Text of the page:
Lochlan White, Grade 8, Lake Illawarra High School
Excellence In Writing Award in the 'Spread The Word 2017' competition
I usually love coming here, but not today.
This is the one place I can come without anyone staring at me. My coastal sanctuary.
Rays of sunshine beam down on the waves of the beach, trying to show me a hint of happiness. Not today.
A couple walk past, smiling. I force a smile back, then throw my hands into my pockets. Not today.
I wander down the sand, towards my favourite dune.
Annoyingly enough, an old lady is already sitting there. I quickly check my phone for the time. I sit on a different patch of the dune, hoping she won’t stay long.
She smells of valuable perfume and has a wrinkley smile on her face, like she’s permanently peaceful. Out of the corner of my eye, I catch her observing me.
“That view, truly magnificent,” she says, attempting to begin conversation.
It’s true. I look out over the vast ocean, the divine light perfecting every tiny detail of ocean and sand.
She smiles a sparkling smile. My face droops further.
“You have no companion, why?” She asks.
She hasn’t noticed it yet.
“I have no one,” I wheeze, attempting to hide my past, but my history is stamped across my face, like an everlasting memory.
I adjust my posture and check the time on my phone again.
She doesn’t break her stare, though, like everyone does.
Is this what friendship feels like? I’ve read about it before, but never really felt it.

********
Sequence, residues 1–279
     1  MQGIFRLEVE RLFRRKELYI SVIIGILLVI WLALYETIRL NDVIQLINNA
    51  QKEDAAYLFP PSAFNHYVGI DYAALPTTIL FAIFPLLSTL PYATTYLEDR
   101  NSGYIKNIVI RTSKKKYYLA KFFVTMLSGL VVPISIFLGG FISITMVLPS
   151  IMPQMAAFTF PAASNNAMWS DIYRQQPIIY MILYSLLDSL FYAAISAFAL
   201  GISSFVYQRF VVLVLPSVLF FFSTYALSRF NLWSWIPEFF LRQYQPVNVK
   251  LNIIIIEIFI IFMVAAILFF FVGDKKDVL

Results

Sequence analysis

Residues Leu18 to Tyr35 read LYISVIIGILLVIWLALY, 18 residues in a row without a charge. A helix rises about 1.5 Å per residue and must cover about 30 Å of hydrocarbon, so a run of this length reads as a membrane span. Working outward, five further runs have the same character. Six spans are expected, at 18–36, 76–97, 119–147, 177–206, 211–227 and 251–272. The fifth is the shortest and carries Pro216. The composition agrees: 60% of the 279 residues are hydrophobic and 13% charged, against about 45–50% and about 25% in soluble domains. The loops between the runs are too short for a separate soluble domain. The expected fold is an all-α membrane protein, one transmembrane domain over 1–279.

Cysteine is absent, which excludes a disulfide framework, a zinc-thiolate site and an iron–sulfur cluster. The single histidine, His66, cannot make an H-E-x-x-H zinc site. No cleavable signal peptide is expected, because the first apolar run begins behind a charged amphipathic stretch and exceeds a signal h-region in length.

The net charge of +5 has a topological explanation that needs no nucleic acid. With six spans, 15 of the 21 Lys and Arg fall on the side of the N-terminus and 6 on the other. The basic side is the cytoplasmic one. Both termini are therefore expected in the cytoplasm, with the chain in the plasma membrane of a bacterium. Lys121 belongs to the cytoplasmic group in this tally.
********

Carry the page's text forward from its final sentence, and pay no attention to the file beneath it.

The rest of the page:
“Beauty comes in many forms,” she continues. “each of us sees the world differently. Some of us like cold, crisp mornings and others only the warmth of the sun.”
I became confused, I much preferred a warm morning myself, that way I could swim in the water to pass the time. Though I’m still confused as to why she made a perspective statement.
The lady handed me an embroidered handkerchief. I was completely speechless now, first a confusing comment regarding opinion, and now an extremely well-crafted handkerchief, I thanked her.
She smiled in a sympathetic manner.
“Take a risk,” she tells me as she gradually gets up, popping her knuckles and cracking her legs.
Suddenly, I realise I still have her handkerchief.
I look back to where she was sitting. She disappeared. I looked around, but she was truly gone, a tear trickled down my face.
I looked at the handkerchief, the embroidered stitching is unmistakable. Elizabeth Katherina. I run my hand over the thread, admiring its delicacy.
After weeks of uncertainty, I suddenly feel strong and my mind is made up.
“I can do this,” I say out loud.
As the sun begins to rise, the light on the nameplate flares like silver and catches my eye.
My fingers trace the sunny, steel plate.
My body freezes severely as I read…
“The view always took away her breath ”